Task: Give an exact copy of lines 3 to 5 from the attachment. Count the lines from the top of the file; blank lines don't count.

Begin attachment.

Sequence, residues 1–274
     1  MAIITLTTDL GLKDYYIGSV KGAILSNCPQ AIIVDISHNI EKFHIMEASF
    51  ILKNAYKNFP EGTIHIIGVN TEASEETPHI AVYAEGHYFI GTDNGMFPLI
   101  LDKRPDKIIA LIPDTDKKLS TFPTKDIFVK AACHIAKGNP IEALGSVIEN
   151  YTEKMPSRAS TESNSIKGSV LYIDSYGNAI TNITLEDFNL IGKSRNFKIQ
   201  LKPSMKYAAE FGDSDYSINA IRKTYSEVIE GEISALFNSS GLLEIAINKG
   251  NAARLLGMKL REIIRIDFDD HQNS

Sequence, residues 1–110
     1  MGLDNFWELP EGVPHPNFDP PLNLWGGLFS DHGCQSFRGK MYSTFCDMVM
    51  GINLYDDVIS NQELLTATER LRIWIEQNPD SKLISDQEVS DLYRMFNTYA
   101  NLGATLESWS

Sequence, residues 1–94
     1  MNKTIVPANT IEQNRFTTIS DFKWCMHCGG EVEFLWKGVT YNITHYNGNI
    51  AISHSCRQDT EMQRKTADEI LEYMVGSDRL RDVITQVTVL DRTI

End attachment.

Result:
    51  ILKNAYKNFP EGTIHIIGVN TEASEETPHI AVYAEGHYFI GTDNGMFPLI
   101  LDKRPDKIIA LIPDTDKKLS TFPTKDIFVK AACHIAKGNP IEALGSVIEN
   151  YTEKMPSRAS TESNSIKGSV LYIDSYGNAI TNITLEDFNL IGKSRNFKIQ